Queen Elizabeth II has been lauded as Britain’s longest-reigning monarch of all time. The 93-year-old monarch has been on the throne for almost 67 years, placing her 70-year-old son Prince Charles at the forefront, ready to ascend the throne when the time comes. 

The celebrity status of the family has made them a household name, with everyone unquestioning about their future and their lineage. However, a closer inspection may shock a lot of fans as the royal family may not actually have the “royal blood” needed to maintain their position. A question has been put: does the British royal family actually have royal blood?

In the strictest sense of the word, Queen Elizabeth’s family and lineage is definitely linked to royalty. The Queen is a direct descendant of Queen Victoria, the daughter of a king and of German royalty descent.

Prince Philip, on the other hand, has his roots in the royalty of Greece and Denmark, though he relinquished his title when he married the Queen. Although admittedly one may be named a prince or a king by acclimation, it cannot be questioned that there is history of royal blood running through the veins of the monarch and her husband.

The “royal blood” of the British royal family supposedly stems from William the Conqueror’s bloodline (1066 AD). Despite tracing this descent, the discovery of Richard III’s remains in a Leicester car park in 2012 may have stunted the assurance of the lineage.

By testing it with his maternal DNA, the scientists who made the discovery proved that the remains were authentically Richard III’s. What had shocked the scientific world was that upon testing it with the DNA of the unnamed descendants of Henry Somerset, the 5th Duke of Beaufort, the results did not match with Richard III’s. This would mean that at some point in the history of the British royal lineage, an illegitimate child from an affair had sat on the throne.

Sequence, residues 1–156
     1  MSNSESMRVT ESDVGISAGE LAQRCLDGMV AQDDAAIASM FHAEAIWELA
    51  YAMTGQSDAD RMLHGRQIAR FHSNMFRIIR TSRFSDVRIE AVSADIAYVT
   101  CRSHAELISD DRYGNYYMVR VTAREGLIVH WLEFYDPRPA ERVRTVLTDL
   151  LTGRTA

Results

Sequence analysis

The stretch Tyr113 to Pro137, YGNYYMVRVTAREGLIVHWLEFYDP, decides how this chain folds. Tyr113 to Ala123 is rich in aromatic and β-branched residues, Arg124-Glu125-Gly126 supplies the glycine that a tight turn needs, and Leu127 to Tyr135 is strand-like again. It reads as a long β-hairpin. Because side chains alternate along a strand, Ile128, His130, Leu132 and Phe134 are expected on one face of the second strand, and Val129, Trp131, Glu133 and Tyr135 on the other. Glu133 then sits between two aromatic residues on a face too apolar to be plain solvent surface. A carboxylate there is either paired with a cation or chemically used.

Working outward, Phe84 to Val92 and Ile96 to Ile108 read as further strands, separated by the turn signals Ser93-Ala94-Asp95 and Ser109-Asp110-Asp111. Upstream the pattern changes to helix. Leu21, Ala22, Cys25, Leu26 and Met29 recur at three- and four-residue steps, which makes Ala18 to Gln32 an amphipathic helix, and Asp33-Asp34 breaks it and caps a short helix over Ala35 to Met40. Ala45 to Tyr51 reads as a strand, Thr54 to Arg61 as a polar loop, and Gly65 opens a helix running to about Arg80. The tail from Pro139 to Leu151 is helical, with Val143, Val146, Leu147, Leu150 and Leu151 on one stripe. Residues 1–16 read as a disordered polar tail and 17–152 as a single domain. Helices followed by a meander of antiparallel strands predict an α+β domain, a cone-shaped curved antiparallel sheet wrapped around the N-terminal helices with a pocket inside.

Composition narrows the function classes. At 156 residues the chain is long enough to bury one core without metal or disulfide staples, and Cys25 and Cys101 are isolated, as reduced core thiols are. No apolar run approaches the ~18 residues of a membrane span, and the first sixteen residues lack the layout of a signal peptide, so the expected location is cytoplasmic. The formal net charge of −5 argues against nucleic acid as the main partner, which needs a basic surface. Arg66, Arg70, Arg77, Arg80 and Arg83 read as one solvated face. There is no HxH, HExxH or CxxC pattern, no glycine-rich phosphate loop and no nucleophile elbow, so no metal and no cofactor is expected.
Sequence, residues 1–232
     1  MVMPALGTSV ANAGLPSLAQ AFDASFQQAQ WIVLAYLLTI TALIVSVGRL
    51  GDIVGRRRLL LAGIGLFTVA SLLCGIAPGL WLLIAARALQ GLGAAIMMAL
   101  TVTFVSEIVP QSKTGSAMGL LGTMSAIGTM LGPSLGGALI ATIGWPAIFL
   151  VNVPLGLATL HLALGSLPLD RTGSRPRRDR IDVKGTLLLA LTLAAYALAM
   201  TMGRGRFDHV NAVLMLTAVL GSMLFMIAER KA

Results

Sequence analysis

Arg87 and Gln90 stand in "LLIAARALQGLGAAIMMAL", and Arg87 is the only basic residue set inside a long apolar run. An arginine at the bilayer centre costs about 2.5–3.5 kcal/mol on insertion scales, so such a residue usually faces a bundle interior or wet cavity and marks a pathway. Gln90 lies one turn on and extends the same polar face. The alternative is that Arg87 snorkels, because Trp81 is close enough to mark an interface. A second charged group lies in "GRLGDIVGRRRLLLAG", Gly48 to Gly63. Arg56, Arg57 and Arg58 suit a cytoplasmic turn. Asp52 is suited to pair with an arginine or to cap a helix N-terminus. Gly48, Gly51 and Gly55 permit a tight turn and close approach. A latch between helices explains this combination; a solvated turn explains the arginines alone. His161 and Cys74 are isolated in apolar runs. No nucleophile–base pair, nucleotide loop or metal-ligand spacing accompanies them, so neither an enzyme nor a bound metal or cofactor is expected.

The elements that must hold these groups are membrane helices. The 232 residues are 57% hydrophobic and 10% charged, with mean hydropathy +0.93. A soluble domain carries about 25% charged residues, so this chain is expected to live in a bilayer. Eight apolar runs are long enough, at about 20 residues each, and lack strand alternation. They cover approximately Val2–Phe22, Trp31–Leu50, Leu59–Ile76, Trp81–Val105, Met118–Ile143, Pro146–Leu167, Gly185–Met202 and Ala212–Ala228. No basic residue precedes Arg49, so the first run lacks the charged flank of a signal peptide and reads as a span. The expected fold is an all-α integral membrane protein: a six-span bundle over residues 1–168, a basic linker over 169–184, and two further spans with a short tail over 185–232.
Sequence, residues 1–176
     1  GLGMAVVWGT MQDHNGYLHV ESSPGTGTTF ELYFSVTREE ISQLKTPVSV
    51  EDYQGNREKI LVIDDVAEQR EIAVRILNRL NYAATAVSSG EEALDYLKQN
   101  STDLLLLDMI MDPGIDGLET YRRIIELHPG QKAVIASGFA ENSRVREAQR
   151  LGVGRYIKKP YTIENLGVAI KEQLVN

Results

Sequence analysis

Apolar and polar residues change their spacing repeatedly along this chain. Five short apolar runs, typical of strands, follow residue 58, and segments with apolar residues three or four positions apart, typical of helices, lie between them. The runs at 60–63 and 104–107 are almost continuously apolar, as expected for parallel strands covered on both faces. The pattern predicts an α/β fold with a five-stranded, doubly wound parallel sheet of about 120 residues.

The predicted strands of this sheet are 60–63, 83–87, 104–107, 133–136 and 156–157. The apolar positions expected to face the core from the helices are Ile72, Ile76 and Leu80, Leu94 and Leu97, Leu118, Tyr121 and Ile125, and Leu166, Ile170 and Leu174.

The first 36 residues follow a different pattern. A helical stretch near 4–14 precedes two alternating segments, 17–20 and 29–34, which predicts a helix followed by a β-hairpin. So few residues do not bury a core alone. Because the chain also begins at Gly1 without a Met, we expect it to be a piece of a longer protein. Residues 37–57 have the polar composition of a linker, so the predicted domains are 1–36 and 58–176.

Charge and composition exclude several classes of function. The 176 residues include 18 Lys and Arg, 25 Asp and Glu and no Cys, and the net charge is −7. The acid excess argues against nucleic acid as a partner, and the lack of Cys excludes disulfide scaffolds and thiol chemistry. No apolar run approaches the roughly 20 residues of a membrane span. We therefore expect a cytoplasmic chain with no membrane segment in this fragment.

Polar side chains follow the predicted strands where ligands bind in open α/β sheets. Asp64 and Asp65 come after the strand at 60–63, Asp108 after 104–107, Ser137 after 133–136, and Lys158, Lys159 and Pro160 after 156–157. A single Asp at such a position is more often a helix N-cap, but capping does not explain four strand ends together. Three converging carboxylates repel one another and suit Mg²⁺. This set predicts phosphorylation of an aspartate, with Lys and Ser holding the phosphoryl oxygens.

The scientists could not rule out from when exactly the illegitimate child entered the throne without exhuming more bodies. However, if the break had been around the time of Edward III (1312–1377), then that would make a problem for the current family seated on the throne. Although this will unlikely be the case, the assurance of the royal claim on the throne can still be put to question in the future.

Royal Family Britain's Queen Elizabeth II (3L) stands with her husband, Britain's Prince Philip, Duke of Edinburgh (3R); her son, Britain's Prince Charles, Prince of Wales (2L), and his wife, Britain's Camilla, Duchess of Cornwall (L); and her grandson, Britain's Prince William, Duke of Cambridge (2R), and his wife, Britain's Catherine, Duchess of Cambridge. DOMINIC LIPINSKI/AFP/Getty Images